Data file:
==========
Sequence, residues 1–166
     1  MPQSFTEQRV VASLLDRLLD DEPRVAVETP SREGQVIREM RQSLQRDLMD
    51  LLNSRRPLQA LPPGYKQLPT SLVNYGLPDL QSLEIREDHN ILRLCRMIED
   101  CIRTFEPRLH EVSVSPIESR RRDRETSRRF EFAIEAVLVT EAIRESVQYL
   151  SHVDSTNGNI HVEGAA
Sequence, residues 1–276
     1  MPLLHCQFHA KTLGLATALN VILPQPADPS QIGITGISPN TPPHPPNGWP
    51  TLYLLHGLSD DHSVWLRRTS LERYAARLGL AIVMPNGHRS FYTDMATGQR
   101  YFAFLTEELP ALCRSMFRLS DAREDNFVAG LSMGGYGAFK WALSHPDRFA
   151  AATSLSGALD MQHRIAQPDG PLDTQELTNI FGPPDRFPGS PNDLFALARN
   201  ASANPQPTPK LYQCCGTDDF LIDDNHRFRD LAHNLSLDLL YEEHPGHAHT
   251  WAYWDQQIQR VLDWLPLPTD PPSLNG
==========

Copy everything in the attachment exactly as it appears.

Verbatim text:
Sequence, residues 1–166
     1  MPQSFTEQRV VASLLDRLLD DEPRVAVETP SREGQVIREM RQSLQRDLMD
    51  LLNSRRPLQA LPPGYKQLPT SLVNYGLPDL QSLEIREDHN ILRLCRMIED
   101  CIRTFEPRLH EVSVSPIESR RRDRETSRRF EFAIEAVLVT EAIRESVQYL
   151  SHVDSTNGNI HVEGAA
Sequence, residues 1–276
     1  MPLLHCQFHA KTLGLATALN VILPQPADPS QIGITGISPN TPPHPPNGWP
    51  TLYLLHGLSD DHSVWLRRTS LERYAARLGL AIVMPNGHRS FYTDMATGQR
   101  YFAFLTEELP ALCRSMFRLS DAREDNFVAG LSMGGYGAFK WALSHPDRFA
   151  AATSLSGALD MQHRIAQPDG PLDTQELTNI FGPPDRFPGS PNDLFALARN
   201  ASANPQPTPK LYQCCGTDDF LIDDNHRFRD LAHNLSLDLL YEEHPGHAHT
   251  WAYWDQQIQR VLDWLPLPTD PPSLNG